"Generally speaking, one must be a party to an arbitration agreement to be bound by it or invoke it." Molecular Analytical Sys. v. Ciphergen Biosystems, Inc., 186 Cal. App. 4th 696, 706 (2010) (internal quotation marks omitted). In certain circumstances, however, a nonsignatory to an arbitration clause may compel a signatory to arbitrate. See Britton v. Co-op Banking Group, 4 F.3d 742, 744 (9th Cir. 1993). In order to compel a signatory to arbitrate, a nonsignatory must be (1) a third-party beneficiary to the contract, (2) a successor in interest to the contract, or (3) an agent intended to benefit from the arbitration clause. Id. at 745-48. As for third-party beneficiaries, "[i]f the parties to the contract had no intention to benefit a third party, that third party has no rights under the contract." Id. at 745.
Here, the plain meaning of the arbitration agreement evinces an intent to include claims against third parties, such as HTC. The agreement requires arbitration for "any claims against other parties [besides T-Mobile] relating to Services or Devices provided or billed to [the subscriber] (such as [T-Mobile's] suppliers, Dealers or third party vendors) whenever [the subscriber] also assert[s] claims against [T-Mobile] in the same proceeding" (Shwonek Decl. Exh. B ¶ 2). Plaintiff asserts claims against HTC "relating to . . . Devices provided or billed to" plaintiff. That is, plaintiff alleges that the HTC myTouch 4G phone is not a 4G device. HTC is a supplier and third-party vendor to T-Mobile. Accordingly, plaintiff's claims against HTC are arbitrable.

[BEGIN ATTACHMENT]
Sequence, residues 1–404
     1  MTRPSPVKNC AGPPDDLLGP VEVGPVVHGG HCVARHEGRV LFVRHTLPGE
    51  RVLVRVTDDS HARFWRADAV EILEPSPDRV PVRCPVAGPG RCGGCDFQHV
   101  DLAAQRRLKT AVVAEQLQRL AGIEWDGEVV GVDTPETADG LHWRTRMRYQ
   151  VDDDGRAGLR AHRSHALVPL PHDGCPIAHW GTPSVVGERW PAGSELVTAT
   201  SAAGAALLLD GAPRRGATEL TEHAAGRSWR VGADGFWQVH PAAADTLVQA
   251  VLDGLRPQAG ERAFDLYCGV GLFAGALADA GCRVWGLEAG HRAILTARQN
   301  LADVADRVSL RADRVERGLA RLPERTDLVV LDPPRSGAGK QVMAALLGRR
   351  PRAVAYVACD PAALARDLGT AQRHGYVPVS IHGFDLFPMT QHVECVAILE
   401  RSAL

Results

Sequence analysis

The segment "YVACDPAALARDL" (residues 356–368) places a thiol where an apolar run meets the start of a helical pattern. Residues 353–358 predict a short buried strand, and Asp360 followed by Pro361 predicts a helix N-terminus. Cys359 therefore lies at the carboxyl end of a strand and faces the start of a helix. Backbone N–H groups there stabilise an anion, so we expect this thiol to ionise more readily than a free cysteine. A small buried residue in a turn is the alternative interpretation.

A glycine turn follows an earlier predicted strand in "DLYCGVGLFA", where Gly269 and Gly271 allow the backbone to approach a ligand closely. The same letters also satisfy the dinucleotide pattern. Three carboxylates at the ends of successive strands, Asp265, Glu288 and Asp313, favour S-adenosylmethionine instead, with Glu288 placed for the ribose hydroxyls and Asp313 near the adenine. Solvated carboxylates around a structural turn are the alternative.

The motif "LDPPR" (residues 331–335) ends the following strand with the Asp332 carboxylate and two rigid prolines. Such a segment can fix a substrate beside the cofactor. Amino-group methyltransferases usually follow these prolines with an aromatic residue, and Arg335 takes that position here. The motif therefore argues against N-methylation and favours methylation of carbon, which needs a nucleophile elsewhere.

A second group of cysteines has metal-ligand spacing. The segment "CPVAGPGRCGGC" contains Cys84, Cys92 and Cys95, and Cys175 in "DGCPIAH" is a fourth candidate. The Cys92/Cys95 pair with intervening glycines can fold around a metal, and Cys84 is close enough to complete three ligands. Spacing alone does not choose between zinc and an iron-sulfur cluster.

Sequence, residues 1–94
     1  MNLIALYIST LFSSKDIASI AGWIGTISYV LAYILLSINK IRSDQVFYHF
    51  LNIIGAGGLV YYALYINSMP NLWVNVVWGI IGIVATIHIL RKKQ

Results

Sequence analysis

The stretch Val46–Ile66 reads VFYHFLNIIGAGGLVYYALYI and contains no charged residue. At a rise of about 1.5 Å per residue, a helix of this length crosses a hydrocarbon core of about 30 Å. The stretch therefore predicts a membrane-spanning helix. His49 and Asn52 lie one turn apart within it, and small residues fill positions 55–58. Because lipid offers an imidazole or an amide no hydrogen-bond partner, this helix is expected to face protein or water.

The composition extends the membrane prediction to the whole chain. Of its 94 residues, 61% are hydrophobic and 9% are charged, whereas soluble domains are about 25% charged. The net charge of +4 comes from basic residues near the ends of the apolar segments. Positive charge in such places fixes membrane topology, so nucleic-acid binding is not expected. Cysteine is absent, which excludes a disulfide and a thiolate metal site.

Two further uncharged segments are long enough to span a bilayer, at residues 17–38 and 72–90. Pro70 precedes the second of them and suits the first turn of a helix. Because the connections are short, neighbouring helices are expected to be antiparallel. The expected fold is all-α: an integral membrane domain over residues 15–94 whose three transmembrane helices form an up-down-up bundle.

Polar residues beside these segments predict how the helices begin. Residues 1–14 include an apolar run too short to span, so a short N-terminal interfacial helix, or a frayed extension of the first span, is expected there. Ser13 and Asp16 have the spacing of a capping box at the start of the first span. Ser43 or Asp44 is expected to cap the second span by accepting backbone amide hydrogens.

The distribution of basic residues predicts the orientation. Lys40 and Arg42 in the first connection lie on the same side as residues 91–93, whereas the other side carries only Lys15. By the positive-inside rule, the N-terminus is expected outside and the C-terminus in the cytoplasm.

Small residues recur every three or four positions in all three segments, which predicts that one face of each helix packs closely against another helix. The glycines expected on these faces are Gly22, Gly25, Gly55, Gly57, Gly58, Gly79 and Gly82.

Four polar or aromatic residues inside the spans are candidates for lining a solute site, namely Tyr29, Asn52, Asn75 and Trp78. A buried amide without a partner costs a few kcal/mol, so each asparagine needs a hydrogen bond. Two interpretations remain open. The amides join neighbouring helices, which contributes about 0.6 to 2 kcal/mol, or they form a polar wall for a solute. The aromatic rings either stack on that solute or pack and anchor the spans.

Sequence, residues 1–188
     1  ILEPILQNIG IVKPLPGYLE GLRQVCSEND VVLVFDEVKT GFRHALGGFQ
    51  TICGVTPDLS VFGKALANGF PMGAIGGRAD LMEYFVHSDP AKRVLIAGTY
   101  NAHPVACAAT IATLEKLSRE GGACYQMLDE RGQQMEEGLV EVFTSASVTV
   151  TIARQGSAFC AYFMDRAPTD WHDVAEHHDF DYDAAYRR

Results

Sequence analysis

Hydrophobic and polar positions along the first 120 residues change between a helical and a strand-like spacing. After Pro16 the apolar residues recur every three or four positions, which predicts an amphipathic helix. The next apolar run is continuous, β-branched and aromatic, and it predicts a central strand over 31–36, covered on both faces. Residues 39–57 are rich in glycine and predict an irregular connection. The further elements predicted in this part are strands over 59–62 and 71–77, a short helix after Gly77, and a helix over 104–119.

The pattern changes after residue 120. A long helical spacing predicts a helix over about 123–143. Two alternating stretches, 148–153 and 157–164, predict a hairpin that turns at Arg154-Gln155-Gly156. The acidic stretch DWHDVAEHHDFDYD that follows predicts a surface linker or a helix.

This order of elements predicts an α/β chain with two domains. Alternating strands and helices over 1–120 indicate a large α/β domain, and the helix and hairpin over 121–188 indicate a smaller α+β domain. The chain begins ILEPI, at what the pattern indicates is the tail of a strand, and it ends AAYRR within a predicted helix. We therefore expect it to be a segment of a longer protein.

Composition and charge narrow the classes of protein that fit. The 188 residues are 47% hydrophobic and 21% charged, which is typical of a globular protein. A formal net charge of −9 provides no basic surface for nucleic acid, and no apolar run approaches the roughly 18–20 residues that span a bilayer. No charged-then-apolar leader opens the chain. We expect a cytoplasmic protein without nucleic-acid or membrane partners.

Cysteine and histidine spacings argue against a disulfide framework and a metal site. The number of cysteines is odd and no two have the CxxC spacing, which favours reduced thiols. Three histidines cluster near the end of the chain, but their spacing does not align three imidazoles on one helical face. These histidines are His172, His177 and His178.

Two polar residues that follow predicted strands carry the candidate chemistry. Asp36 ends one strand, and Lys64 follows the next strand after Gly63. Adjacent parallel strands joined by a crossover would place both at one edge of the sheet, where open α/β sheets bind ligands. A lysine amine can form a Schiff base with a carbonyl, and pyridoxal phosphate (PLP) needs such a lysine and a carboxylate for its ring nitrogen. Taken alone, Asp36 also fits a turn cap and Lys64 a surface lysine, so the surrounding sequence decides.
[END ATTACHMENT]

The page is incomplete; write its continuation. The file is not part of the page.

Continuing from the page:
4. APPLICATION OF ARBITRATION CLAUSE TO CLAIMS FOR INJUNCTIVE RELIEF.
Plaintiff seeks injunctive relief, among other remedies, for her claims brought under the California Unfair Competition Law, California Consumer Legal Remedies Act, California False Advertising Act, and Federal Communications Act. Plaintiff argues that these claims for injunctive relief are not subject to arbitration. This proposition comes from Broughton v. Cigna Healthplans of Cal., 21 Cal. 4th 1066, 1079-80 (1999) (holding that claims for public injunctive relief brought under the CLRA are not subject to arbitration) and Cruz v. PacifiCare Health Sys., Inc., 30 Cal. 4th 303, 316 (2003) (holding that claims for public injunctive relief brought under the UCL are not subject to arbitration).